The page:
Study Finds Some Faithful Less Likely To Pass The Plate
Churches and Obesity
Religious shepherds need to keep better watch over their flocks and add activities to keep from fattening them up, says a Purdue University researcher who has found that some religious activities may promote obesity.
"America is becoming known as a nation of gluttony and obesity, and churches are a feeding ground for this problem," says Ken Ferraro, a professor of sociology who has studied religion and body weight since the early 1990s. "If religious leaders and organizations neglect this issue, they will contribute to an epidemic that will cost the health-care system millions of dollars and reduce the quality of life for many parishioners."
He analyzed the religious practices and body mass index, often referred to as BMI, of more than 2,500 people during an eight-year period from 1986 to 1994. He found that the use of religious media resources, such as television, books or radio, was a strong predictor of obesity among women. The incidence of obesity increased by 14 percent for this group. At the same time, the more often women attended religious services, the less likely they were to be obese.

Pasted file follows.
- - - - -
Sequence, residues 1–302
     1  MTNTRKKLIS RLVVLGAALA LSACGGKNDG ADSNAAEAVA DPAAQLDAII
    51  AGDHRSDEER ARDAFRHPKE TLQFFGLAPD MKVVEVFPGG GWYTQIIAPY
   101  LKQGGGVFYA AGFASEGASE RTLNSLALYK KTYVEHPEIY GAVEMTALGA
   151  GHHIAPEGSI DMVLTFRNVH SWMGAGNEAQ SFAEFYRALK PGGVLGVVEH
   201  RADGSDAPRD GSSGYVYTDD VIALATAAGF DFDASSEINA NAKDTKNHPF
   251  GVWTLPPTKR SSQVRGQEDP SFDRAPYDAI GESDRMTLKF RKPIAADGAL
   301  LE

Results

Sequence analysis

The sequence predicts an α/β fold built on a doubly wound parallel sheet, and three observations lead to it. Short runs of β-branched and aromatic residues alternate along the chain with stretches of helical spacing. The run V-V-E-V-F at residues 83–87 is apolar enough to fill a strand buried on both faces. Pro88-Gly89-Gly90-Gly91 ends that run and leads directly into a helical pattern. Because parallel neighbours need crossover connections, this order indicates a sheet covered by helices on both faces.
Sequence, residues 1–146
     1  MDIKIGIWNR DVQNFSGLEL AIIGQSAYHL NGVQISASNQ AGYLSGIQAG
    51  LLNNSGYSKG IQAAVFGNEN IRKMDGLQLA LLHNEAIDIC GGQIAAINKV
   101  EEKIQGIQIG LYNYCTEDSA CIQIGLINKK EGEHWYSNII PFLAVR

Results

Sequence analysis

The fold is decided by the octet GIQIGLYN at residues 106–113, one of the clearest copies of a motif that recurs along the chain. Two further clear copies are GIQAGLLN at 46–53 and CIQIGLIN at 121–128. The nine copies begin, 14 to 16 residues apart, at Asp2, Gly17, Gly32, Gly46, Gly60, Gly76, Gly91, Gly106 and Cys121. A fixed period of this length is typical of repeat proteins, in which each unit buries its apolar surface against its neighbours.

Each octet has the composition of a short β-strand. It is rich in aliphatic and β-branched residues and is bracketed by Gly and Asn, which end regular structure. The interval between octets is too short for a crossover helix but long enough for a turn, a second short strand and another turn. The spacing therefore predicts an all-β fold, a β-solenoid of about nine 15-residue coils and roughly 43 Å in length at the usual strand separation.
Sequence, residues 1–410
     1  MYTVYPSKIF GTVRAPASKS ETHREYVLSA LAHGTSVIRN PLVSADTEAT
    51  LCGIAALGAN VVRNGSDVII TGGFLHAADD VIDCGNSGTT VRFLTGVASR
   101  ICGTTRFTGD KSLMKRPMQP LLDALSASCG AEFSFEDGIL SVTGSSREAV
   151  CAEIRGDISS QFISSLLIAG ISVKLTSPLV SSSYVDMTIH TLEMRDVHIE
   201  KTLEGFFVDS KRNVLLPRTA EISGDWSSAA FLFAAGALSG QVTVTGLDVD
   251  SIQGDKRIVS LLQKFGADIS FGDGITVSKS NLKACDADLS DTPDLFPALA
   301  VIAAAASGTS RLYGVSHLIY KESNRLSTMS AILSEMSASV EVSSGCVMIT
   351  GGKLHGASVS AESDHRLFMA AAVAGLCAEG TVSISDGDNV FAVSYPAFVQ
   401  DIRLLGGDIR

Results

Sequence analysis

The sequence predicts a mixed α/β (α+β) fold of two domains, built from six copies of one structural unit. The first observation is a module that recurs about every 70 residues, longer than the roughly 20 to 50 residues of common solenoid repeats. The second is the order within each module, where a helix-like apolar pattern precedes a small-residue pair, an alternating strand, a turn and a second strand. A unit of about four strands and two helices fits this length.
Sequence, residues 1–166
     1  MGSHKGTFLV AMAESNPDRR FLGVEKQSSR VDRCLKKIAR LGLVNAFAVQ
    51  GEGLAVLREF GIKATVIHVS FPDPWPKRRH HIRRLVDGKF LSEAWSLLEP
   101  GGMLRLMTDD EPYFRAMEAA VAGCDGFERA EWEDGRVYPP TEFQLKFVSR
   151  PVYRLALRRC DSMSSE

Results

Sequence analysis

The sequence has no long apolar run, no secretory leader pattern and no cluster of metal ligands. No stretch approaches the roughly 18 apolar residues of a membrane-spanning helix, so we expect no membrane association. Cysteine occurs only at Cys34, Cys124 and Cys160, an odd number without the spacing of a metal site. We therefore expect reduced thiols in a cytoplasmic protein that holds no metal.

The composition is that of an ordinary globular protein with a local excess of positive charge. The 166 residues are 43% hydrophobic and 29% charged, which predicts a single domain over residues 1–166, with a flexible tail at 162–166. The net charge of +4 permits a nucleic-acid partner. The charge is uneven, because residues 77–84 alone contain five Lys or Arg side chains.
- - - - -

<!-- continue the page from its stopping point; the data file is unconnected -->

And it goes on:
Men were less likely to be obese if they sought counseling and comforting through religious sources, Ferraro says.
"This means that men may rely more on religion, instead of food, as a source of comfort during stressful times," says Ferraro, who also is director of Purdue's Center on Aging and the Life Course.
To counter these effects, religious fellowship should encourage physical activity and healthy eating, Ferraro says. He suggests organized walks with the pastor after services and serving fruit and vegetables instead of heavy casseroles. Churches' large rooms or halls also could be used for fitness classes.
Ferraro's study, which was published in the June issue of the Journal for the Scientific Study of Religion, identified different religious characteristics, such as affiliation and attendance, as well as gender, and their effects on weight. He also measured the impact of a person's belief in his or her faith, how someone practiced his or her faith, and a person's tendency to seek comfort and support from religious figures.